Write-in candidates are not entitled to have their names printed on any ballots, but a space is provided for voters to write in their names on the general election ballot. Candidates may not qualify as write-in candidates if they have qualified to run for public office by other means.[2]

Write-in candidates are required to file the candidate oath with the Florida Division of Elections.[11] This is due during the qualifying period for the office sought. However, write-in candidates are not required to pay any filing fees.[2]

At the time of qualifying, all write-in candidates must reside within the district represented by the office sought.[15]

Petition requirements

In some cases, political parties and/or candidates may need to obtain signatures via the petition process to gain ballot access. This section outlines the laws and regulations pertaining to petitions and circulators in Florida.

In Florida, petitions are used by candidates to waive filing fees. To do this, candidates are required to use Form DS-DE 104, Candidate Petition. If reproduced, the wording and format of this form must be kept exact. Signatures on a Candidate Petition are valid only for the next qualifying period for the office sought in an election immediately following that qualifying period. For example, a candidate seeking office in the 2014 general election could not start collecting signatures until after the 2012 qualifying period ended for that office.[16]

Candidates file their completed petitions with the supervisor of elections in the county in which the petitions were circulated.[17] When filing, candidates must pay in advance to have their petitions verified. They must either pay the sum of 10 cents per signature verified or the actual cost of checking each signature, whichever is less. Candidates may submit an Undue Burden Oath if they cannot afford to pay to have their petitions verified; however, if the candidate paid a circulator to circulate the petition, that candidate may not file an Undue Burden Oath.[18] Petition fees may be paid in any of the following ways:[16]

  • With a campaign check or the campaign's petty cash
  • The candidate may pay the verification fee with personal funds and report it as an in-kind donation or be reimbursed by the campaign.
  • Someone else may pay the verification fee and be reimbursed by the campaign.

There is nothing in the Florida Statutes that prohibits a candidate from paying a circulator to collect signatures for the candidate's petition.[16] However, the statutes do not address any requirements of the circulators. Specifically, there are no residency requirements for circulators.

Campaign finance

Figure 2: This is an Appointment of Campaign Treasurer and Designation of Campaign Depository form for candidates in Florida.

DocumentIcon.jpg See statutes: Chapter 106 of the Florida Statutes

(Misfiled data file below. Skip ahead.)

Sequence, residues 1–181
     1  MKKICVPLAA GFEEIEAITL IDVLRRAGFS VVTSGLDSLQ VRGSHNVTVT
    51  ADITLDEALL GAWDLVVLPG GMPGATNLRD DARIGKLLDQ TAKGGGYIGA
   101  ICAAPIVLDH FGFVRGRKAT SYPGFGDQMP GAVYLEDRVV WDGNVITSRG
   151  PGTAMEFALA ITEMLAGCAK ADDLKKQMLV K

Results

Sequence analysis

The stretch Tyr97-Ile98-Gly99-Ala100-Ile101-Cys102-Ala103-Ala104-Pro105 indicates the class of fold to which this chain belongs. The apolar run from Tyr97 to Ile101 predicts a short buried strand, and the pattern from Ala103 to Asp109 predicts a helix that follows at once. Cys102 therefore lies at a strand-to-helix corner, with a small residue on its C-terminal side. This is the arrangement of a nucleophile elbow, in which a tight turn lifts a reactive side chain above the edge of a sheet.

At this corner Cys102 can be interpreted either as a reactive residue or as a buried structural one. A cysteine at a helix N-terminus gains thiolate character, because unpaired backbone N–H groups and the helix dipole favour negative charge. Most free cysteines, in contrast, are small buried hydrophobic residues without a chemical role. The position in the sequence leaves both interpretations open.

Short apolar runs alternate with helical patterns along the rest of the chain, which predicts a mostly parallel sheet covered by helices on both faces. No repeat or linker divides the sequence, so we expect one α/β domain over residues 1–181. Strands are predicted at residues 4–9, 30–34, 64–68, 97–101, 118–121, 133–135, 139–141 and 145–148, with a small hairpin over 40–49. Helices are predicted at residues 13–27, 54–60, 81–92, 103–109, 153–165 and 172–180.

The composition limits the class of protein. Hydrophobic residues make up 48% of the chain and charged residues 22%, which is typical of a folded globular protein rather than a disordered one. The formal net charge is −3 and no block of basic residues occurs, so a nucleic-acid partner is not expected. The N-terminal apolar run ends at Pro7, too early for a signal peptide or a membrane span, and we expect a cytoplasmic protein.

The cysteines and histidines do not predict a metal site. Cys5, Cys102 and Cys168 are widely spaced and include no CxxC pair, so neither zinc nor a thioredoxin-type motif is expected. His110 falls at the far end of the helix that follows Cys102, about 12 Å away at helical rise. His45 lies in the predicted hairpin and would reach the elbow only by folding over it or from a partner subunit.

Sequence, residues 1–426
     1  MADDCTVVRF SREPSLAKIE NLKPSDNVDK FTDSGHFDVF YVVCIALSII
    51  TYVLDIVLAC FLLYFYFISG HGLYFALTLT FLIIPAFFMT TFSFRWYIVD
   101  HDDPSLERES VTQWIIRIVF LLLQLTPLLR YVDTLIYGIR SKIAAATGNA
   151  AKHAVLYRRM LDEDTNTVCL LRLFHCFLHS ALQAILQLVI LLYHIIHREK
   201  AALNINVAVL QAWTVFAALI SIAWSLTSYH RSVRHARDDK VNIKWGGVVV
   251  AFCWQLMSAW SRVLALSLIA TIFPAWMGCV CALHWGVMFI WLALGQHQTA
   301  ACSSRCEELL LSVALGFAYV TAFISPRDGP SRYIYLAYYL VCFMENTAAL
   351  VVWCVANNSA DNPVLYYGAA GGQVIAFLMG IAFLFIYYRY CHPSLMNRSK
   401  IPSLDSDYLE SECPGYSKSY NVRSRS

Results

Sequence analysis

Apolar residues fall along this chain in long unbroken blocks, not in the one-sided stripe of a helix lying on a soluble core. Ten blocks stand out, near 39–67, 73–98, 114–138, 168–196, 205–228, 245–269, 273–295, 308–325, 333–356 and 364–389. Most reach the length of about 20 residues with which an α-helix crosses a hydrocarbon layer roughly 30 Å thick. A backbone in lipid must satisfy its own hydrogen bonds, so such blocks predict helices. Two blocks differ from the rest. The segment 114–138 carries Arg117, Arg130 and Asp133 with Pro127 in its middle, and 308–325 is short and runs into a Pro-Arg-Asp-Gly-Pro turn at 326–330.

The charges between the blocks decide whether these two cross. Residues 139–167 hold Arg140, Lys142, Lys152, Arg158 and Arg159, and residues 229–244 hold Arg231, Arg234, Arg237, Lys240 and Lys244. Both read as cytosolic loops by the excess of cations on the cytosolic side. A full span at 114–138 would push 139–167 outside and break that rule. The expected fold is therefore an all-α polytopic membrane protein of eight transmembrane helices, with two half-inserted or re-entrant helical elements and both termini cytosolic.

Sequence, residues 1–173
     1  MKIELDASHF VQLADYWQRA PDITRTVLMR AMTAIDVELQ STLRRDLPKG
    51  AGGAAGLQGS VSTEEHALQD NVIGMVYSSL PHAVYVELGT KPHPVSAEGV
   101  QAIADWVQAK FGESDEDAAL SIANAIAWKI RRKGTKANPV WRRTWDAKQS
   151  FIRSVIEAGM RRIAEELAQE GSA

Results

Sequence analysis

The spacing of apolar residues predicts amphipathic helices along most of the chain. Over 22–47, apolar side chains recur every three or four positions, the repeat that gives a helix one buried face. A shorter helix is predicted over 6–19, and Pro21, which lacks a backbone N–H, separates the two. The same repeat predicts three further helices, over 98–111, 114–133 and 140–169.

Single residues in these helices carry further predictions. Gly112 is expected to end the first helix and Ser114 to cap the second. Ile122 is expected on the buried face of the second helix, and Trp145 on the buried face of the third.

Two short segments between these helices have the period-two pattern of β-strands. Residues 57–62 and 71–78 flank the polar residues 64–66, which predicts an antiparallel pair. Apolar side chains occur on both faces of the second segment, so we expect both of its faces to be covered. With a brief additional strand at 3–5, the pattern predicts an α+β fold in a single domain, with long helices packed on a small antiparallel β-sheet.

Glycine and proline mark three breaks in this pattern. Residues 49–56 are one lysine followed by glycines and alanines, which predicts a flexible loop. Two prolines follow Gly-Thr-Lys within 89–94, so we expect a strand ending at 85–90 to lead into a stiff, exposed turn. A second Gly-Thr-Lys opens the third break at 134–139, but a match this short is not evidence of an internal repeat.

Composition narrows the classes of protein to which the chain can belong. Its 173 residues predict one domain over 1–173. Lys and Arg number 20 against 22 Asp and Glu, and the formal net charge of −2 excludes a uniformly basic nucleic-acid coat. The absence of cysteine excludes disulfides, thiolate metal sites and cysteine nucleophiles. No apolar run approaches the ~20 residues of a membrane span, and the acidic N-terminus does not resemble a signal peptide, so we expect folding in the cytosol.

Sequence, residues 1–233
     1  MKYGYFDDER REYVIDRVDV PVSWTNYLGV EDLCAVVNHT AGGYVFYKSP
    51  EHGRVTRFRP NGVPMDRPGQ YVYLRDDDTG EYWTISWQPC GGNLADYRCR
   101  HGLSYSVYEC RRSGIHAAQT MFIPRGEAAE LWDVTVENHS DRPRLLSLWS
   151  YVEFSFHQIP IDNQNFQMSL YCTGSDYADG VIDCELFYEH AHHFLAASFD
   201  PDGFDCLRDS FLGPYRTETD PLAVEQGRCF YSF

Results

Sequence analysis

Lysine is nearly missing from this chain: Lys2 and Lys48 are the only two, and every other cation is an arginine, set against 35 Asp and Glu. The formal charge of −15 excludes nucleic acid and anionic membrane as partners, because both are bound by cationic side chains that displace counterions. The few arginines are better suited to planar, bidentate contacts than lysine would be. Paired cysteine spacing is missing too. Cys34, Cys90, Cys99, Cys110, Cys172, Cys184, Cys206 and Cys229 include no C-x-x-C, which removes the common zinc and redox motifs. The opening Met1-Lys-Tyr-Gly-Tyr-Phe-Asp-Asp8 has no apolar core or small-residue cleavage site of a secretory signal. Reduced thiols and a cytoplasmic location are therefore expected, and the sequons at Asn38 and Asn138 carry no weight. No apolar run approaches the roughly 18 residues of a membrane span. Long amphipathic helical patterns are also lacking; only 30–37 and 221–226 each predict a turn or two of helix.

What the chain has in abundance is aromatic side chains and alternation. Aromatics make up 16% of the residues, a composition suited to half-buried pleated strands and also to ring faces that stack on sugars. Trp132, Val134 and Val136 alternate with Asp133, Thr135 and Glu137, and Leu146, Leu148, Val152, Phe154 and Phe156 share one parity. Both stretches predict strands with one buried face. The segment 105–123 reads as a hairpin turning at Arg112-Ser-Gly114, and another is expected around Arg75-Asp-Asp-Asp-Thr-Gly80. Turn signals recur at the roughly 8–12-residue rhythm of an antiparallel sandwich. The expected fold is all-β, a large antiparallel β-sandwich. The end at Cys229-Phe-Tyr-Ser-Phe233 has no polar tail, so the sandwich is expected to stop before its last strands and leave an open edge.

The campaign finance reporting process for candidates seeking state office in Florida is outlined below. Candidates seeking federal office must file with the Federal Election Commission. Reporting details for federal candidates are not included in this section.

Getting started

Before candidates can qualify for office, accept contributions or make expenditures, they must designate a campaign treasurer and campaign depository. To do this, they must file an Appointment of Campaign Treasurer and Designation of Campaign Depository form with the Florida Department of State, Division of Elections. On this form, candidates must indicate which office they are seeking. However, candidates may change the office sought as long as they notify the Division of Elections and offer to return pro rata any contributions received for the original office sought.[19]

Within 10 days after filing the Appointment of Campaign Treasurer and Designation of Campaign Depository form, candidates must file a statement with the Division of Elections indicating they have read and understand the rules and requirements for campaign finance reporting.[20]

Campaign treasurers

No contributions or expenditures, including personal funds used by the candidate, may be accepted or made for the campaign unless those funds have gone through the candidate's appointed campaign treasurer. Candidates may appoint themselves as treasurer and may also appoint a number of deputy treasurers to help with the reporting process. Deputy treasurers are allowed to do everything a campaign treasurer can, as long as they have been authorized to do so by the campaign treasurer and the candidate. Statewide candidates may have as many as 15 deputy treasurers. All other candidates may have no more than three. The names and addresses of all deputy treasurers must be filed with the Division of Elections.[19][21]

Campaign treasurers are responsible for receiving and reporting all contributions, but before they can do that, they must file a written letter of acceptance of the position with the Division of Elections. Any appointed deputy treasurers must also file a letter of acceptance.[19][21][22]

In case of the death, resignation, or removal of a campaign treasurer, the candidate must appoint and certify a successor with the Division of Elections. No resignation of a campaign treasurer will be considered effective until written notice has been given to the candidate and a copy has been filed with the Division of Elections. The same is true for the removal of a campaign treasurer. Such removal will not be considered effective until written notice has been given to the campaign treasurer and a copy filed with the Division of Elections.[19]